Tuesday, 27 August 2013

Laverda 1000 V6 - The World's Fastest Laboratory

Laverda V6 Motorcycle
Image Courtesy Cor Dees Laverda Museum

As I’ve said on Silodrome before, if you want a quick ticket into the Motorcycle Hall of Fame (in the hearts and minds of motorcycle aficionados, anyway) you must build a six-cylinder machine. Nothing is quite as technologically impressive and magnificently superfluous as stuffing far more cylinders than are necessary to do the job into a contraption that is far too small to properly accommodate them. You can easily attain the power you need with a far simpler and lighter four. But fours have become so boring, so conventional, and hardly meriting of the breathless praise of us enthusiasts/bloggers.

Most people are familiar with the Honda CBX1000, and perhaps the Benelli Sei that preceded it as the first six-cylinder production machine. These flagship models book ended the 1970s, a heady time when progress in motorcycle design began to accelerate towards modernity with a series of impressively over-engineered rides that would become the genesis of a new era of performance and complexity. Where the automotive world was mired in the malaise of the gas crisis and smog controls, development in the motorcycle industry was fast and progress was being made in leaps and bounds, spurred on by the quality and innovation shown by the Japanese manufacturers who set about obliterating the old marques on the street and track.

Laverda V6 Motorcycle Engine
Image Courtesy Cor Dees Laverda Museum
It was during this heyday, in the period between the Sei and the CBX, that a well-respected Italian marque came up with the hare brained idea of hiring an automotive engineer to design an advanced V-6 engine that would blow away the competition on the track and offer the tantalizing possibility of being slotted into one of the most powerful and exclusive road bikes the world had seen up to that point.
This week, I present the legendary Laverda V6, the only vee-six powered motorcycle, and one of the most notable machines to roll out of the Breganze works.

Laverda V6 Racer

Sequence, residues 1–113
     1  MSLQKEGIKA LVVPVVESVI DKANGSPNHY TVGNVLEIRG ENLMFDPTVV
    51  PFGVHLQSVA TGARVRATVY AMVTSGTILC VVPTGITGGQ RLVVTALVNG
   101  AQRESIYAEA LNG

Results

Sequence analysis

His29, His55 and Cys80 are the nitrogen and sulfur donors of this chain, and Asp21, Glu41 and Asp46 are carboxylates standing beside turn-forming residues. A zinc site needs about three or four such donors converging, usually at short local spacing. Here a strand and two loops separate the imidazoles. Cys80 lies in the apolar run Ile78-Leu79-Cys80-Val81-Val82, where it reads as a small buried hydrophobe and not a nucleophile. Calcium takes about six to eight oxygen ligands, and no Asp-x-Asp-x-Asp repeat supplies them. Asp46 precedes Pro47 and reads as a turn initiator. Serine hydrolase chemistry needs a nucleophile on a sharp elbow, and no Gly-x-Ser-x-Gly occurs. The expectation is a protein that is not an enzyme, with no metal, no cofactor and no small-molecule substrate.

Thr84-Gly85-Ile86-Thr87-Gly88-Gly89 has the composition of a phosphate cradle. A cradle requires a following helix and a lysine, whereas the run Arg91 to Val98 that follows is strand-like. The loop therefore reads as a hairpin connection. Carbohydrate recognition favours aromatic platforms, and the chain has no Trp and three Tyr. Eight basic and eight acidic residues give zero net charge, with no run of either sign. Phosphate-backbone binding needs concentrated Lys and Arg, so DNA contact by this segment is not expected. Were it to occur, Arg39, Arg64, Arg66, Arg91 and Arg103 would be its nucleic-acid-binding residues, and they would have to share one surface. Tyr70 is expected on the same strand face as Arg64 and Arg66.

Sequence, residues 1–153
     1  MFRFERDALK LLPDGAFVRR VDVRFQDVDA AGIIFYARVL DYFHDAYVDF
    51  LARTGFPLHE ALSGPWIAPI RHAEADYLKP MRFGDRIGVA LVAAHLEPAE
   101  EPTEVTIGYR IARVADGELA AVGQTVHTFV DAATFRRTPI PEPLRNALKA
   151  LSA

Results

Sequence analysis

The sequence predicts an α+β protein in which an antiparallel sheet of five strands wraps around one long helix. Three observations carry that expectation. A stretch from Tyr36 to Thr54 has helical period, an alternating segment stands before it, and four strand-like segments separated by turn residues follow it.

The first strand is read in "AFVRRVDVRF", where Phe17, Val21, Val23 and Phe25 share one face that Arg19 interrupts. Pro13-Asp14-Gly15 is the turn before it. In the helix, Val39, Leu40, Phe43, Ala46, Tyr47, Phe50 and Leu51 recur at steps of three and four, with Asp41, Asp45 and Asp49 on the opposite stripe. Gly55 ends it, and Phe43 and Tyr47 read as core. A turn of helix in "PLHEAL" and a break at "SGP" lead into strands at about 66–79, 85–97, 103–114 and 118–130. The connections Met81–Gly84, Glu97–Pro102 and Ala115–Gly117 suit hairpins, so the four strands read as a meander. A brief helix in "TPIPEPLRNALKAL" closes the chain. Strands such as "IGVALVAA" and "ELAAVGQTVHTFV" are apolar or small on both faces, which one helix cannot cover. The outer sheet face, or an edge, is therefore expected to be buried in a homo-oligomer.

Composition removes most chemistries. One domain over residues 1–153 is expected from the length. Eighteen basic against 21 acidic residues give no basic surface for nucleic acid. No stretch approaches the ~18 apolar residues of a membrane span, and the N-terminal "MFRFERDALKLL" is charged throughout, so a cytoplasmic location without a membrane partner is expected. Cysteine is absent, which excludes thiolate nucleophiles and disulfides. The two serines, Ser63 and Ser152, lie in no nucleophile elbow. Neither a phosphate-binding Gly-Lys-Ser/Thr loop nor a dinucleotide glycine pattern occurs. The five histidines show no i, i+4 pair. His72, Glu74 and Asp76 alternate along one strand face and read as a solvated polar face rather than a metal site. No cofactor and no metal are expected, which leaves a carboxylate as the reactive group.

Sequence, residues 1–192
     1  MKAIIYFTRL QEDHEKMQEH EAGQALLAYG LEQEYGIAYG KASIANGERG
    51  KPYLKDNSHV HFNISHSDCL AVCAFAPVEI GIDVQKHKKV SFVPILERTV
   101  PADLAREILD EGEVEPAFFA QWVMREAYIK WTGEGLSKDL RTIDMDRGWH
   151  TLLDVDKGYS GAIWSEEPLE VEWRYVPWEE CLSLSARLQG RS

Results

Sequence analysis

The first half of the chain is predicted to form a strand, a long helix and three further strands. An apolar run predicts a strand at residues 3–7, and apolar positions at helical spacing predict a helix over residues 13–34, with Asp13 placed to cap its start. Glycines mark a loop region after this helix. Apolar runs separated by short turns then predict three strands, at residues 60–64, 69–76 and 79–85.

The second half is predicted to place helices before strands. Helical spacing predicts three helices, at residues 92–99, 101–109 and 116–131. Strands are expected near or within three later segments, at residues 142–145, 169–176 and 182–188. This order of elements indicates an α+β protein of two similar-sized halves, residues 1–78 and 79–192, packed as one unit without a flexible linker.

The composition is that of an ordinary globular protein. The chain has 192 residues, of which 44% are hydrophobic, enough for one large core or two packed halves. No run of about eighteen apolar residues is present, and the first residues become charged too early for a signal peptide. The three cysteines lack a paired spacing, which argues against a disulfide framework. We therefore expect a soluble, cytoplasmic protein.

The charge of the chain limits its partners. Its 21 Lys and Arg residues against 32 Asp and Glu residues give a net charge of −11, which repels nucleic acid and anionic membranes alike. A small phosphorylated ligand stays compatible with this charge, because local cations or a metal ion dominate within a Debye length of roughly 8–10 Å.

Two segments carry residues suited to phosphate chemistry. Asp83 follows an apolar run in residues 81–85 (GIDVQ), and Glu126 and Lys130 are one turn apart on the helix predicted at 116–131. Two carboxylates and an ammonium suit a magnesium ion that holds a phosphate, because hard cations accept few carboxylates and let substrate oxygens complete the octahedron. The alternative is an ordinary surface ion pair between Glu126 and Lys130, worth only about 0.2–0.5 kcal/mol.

Image Courtesy Motorrad Classic

Giovanni Laverda racing the V6
Image Courtesy Laverda Corse

5 comments:

  1. Did you see this Kawasaki V 12 at the Barber Museum?
    http://www.motorcyclistonline.com/features/v12_custom_kawasaki_2300cc/

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    1. Yep, also saw his Kawa V8 there as well. http://motorcyclephotooftheday.com/2011/08/05/close-ups-of-the-outrageous-allen-millyard-custom-v8-kawasaki-kz/

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  2. Michele Cuoccio12/04/2014, 10:59

    Another excellent article. Just some adds. I remember an article on the Italian "MotoCapital" magazine, 1991, with the original V6 tested by Cathcart and with the replica supposedly intended to be sold in limited series. The Zanini management had other projects in their mind. The V6 was supposed to be the basis for a new series of bikes - they wanted to place the engine in transverse position (with final chain drive) to make a sport-touring bike. Also, they wanted to use just one bank to make a mid-displacement triple. All in their minds - nothing came out in reality.

    In the reality, the only fruits of the Zanini period (1989- 1993 if i'm not wrong) were very poor - the Gaucho 50, a revised version of the Atlas 50, and the Navarro 125, a questionable patchwork with old Laverda frame updated with Cagiva engine and a whale-inspired fairing, designed by Jamel Mecheri, a French designer (French designers strike again...). On Italian fora, the Navarro is still considered as one of the ugliest bikes ever made, even with very few built.

    Ah, forgot the Hidalgo 668 cruiser (nicely designed) and the El Cid 700 enduro, not bad but remained as incomplete prototypes.

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  3. beautiful bike, how many were actually built?

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